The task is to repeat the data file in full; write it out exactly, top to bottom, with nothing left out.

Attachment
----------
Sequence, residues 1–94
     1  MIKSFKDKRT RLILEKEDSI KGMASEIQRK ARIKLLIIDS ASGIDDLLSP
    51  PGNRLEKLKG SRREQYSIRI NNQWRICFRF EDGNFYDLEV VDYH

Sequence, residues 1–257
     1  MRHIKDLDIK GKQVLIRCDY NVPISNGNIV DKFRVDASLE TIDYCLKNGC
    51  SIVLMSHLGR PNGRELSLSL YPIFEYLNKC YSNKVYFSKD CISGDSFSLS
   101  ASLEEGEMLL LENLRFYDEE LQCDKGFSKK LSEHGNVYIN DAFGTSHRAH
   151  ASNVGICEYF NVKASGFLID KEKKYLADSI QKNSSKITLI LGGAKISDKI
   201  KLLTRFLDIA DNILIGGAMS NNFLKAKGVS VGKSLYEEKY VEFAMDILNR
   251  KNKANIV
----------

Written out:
Sequence, residues 1–94
     1  MIKSFKDKRT RLILEKEDSI KGMASEIQRK ARIKLLIIDS ASGIDDLLSP
    51  PGNRLEKLKG SRREQYSIRI NNQWRICFRF EDGNFYDLEV VDYH

Sequence, residues 1–257
     1  MRHIKDLDIK GKQVLIRCDY NVPISNGNIV DKFRVDASLE TIDYCLKNGC
    51  SIVLMSHLGR PNGRELSLSL YPIFEYLNKC YSNKVYFSKD CISGDSFSLS
   101  ASLEEGEMLL LENLRFYDEE LQCDKGFSKK LSEHGNVYIN DAFGTSHRAH
   151  ASNVGICEYF NVKASGFLID KEKKYLADSI QKNSSKITLI LGGAKISDKI
   201  KLLTRFLDIA DNILIGGAMS NNFLKAKGVS VGKSLYEEKY VEFAMDILNR
   251  KNKANIV